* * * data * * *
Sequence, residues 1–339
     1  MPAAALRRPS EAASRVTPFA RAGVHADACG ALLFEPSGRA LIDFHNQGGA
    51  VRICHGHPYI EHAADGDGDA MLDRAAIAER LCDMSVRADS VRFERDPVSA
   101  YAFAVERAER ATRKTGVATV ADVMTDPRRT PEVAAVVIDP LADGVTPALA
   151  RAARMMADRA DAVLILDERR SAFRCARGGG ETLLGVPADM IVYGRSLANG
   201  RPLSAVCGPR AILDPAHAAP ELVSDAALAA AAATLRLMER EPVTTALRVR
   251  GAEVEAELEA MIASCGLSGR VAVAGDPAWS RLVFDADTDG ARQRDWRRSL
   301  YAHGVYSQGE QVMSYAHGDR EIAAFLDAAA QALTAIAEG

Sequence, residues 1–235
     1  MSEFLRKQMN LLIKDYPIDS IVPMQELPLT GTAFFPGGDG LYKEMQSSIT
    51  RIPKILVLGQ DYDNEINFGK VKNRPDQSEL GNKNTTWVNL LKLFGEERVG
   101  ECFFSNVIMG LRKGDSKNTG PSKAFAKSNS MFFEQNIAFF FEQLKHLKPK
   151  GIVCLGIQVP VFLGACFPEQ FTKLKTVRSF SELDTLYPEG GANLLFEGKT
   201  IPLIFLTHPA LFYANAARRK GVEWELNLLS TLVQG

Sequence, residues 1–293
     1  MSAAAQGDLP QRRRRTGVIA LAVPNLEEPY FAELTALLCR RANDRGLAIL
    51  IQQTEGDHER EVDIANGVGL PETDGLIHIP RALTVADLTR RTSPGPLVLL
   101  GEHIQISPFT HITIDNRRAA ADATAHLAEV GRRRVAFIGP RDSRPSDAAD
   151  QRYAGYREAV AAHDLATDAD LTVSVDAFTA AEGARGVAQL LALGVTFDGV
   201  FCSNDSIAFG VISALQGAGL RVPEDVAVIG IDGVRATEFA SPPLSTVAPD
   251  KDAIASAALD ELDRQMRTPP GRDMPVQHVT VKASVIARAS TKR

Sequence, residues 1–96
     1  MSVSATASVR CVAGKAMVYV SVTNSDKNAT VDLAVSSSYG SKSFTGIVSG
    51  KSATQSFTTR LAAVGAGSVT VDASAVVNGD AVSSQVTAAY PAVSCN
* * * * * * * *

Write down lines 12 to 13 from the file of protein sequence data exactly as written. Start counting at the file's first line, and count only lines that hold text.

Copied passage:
   101  ECFFSNVIMG LRKGDSKNTG PSKAFAKSNS MFFEQNIAFF FEQLKHLKPK
   151  GIVCLGIQVP VFLGACFPEQ FTKLKTVRSF SELDTLYPEG GANLLFEGKT